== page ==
Rose frowned. “I’m only in my fifties, I’m healthy, and I plan to live to be a hundred years old. Besides, like I said, Hank will check the place out, and he’s a trustworthy handyman; he’ll make sure things are as they should be. And,” Rose paused and raised her eyebrows, “neither you nor your brother have any kids so I need not worry about them falling over the edge and onto the boulders in Lake Michigan, like your Great-Aunt Raven did at the turn of the last century. I remember Grandma Hamilton telling the story, how old Grandpa Kittle was so heartbroken when his seven-year-old daughter, Raven, accidentally fell over the bluff and perished, that he named the estate after her, Raven’s Ridge.”
Still having not taken a sip of her coffee, Marley said, “Rick and I love you and only want what’s best for you, but you’ll be all alone, in the woods, along that dangerous shoreline. Not to mention you could get snowed in during the winters; have you considered all that?”
Rose finished her coffee and pushed the cup aside. “I’ve already thought about that and I’ll be perfectly fine. If it turns out to be harder than I expect, well, then I’ll move and sell the old place.” She stood up and walked to the coffee pot. “I won’t want to leave it, but I will if I need to, so you have nothing to worry about.”
Marley looked back and forth along the countertop, searching for words; then she blurted out, “What about taxes? How are you going to afford the property tax on the estate now that Dad has passed on?”
Rose carried the coffee carafe back to the bar and poured herself another cup of the rather old coffee. She looked over at Marley’s still full cup. “Need fresh coffee?”
“The money, Mom,” Marley said, shaking her head. “Have you thought about the money?”
“I’ll be fine,” Rose said, replacing the coffee decanter. She turned and faced Marley, her oldest child. “I have it all figured out. Your dad and I invested the inheritance, so along with the life insurance and the money I’ll get from this house, there will be enough.” Rose leaned against the counter by the coffee pot. “I realize you and your brother were looking forward to selling the family estate and getting your cut of whatever we get for it, but you both are doing fine.” She walked back to the bar. “You’re one of the top executives at Renders Automotive and Plastics; you get paid well. And your brother is the principal at Black Water High; you both have bright futures.”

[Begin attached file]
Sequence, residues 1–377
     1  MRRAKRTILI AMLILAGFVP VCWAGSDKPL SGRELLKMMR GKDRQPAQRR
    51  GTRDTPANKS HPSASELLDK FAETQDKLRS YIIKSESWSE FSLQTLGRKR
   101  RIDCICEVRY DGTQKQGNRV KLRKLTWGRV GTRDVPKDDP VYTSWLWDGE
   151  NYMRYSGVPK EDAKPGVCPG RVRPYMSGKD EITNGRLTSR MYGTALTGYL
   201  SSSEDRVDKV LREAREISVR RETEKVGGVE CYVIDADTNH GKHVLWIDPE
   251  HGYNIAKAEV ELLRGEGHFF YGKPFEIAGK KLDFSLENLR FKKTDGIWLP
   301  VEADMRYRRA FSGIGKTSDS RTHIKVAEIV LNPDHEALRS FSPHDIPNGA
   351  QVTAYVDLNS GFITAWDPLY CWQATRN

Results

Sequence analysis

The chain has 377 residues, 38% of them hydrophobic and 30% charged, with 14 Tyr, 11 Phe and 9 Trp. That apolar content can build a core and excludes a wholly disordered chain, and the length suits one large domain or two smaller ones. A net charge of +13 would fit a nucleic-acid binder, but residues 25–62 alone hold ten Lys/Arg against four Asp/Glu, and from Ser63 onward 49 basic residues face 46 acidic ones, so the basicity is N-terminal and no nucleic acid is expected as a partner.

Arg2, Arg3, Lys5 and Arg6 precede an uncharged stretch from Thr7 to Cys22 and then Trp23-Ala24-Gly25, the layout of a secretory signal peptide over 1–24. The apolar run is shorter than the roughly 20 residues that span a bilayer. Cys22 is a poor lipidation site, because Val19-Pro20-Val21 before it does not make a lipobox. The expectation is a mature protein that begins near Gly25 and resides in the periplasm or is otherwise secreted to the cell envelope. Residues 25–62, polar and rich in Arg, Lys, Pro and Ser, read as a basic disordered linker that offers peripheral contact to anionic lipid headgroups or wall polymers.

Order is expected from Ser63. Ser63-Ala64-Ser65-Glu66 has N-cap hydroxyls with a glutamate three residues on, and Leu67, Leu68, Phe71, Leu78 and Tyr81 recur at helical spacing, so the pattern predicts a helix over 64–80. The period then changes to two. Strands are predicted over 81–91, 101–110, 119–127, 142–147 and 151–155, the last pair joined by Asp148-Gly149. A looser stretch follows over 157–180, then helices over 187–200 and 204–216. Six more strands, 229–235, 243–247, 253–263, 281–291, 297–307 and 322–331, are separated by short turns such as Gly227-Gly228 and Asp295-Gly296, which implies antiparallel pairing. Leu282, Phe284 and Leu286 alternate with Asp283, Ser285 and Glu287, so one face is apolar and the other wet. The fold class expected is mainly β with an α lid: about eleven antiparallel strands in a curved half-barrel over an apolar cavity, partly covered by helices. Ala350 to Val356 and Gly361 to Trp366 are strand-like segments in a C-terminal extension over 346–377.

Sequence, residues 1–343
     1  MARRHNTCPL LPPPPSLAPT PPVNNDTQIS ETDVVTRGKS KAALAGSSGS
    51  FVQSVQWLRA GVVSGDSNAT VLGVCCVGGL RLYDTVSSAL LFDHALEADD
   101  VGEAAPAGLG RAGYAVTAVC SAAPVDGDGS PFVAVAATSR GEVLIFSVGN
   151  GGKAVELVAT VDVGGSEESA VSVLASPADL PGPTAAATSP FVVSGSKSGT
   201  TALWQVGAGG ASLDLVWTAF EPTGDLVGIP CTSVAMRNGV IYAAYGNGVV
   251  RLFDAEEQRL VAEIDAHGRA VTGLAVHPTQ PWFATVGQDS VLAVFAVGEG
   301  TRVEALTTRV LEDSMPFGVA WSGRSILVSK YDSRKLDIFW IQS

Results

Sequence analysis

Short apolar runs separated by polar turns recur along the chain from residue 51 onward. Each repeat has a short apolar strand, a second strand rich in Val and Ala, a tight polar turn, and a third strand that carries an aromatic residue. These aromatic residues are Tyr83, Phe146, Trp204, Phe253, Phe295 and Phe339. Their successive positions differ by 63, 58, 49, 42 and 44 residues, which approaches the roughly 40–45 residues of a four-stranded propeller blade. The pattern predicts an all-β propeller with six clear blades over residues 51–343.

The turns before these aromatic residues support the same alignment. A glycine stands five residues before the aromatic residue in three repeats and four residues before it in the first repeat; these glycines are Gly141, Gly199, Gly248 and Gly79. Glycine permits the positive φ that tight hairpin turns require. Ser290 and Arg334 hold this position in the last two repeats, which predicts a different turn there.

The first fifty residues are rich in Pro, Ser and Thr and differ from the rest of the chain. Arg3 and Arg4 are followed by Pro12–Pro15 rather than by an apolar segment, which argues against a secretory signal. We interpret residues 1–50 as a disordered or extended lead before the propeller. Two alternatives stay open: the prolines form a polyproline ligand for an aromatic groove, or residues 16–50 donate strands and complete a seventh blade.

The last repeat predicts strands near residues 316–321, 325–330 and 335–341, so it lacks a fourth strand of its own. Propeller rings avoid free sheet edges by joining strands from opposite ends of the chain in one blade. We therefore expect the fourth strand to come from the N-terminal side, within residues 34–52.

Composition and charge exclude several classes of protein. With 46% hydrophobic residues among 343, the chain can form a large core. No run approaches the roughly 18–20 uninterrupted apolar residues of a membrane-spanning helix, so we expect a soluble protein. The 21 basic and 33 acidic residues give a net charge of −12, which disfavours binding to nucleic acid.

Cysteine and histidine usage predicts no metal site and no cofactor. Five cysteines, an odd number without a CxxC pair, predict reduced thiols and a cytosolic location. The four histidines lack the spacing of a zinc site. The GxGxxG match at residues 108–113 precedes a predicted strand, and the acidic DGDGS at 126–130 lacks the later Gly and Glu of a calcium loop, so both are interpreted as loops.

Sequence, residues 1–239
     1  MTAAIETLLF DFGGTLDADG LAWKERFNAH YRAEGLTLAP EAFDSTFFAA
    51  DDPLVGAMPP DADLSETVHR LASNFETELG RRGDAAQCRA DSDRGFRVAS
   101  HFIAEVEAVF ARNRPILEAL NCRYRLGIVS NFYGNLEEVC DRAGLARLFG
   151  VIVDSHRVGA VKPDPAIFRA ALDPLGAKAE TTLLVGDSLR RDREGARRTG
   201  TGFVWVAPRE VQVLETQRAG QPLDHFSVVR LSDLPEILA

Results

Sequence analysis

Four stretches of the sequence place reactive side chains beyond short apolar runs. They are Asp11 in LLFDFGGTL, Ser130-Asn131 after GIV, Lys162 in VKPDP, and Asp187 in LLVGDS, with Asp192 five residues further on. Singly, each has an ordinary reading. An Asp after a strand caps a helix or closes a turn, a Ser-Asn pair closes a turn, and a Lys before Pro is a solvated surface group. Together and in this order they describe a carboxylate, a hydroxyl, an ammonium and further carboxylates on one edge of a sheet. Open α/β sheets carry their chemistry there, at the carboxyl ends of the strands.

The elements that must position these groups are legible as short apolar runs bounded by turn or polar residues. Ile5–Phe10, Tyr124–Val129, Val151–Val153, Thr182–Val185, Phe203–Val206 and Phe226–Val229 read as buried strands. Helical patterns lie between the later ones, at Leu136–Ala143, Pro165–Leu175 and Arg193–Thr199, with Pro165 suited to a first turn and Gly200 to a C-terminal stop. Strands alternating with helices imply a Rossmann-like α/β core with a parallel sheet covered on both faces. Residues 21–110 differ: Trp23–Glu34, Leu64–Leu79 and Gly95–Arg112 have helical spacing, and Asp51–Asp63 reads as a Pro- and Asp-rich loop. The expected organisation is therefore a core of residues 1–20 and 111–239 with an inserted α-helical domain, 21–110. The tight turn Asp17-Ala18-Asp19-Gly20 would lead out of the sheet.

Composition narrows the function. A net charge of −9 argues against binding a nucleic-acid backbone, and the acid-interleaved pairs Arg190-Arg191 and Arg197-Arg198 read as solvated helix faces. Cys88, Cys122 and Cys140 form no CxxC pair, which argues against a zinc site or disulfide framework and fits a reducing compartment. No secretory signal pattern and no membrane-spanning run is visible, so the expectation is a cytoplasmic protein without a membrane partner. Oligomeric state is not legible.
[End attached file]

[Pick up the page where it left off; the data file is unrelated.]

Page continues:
Marley dropped her head and then raised it with a smile. “You’re as stubborn as they come, Mom. Please do me a favor and think about it.” She stood up and put her purse on her shoulder. Then in a tone fitting for a child on Christmas Eve, she said as she walked to the front door, “The Babbling Creek Villas will be perfect for you.”
Rose looked at the round layer cakes and then at her daughter who was anxious to leave. “I can frost these quickly if you want to wait a minute, and then you can take it home.”
“Sorry, Mom,” Marley said, opening the door. “I know it’s Saturday, but I have a company policy that I need to update and finish. I’ll call you later.”
“At least, let me take your picture before you leave,” Rose said, taking the smartphone from her pocket and holding it up until her daughter came into view.
“You treat me like I’m a child,” Marley said, smiling long enough for her mom to snap the shot.
As Marley left the house, Rose walked to the kitchen window and watched her daughter walk down the sidewalk and climb into her a brand new black Range Rover. Rose was happy that Marley could afford the ninety-thousand-dollar four-wheel-drive SUV but knew it had to be stretching her budget. She loved and trusted her children, and would do anything for them—except sell Raven’s Ridge.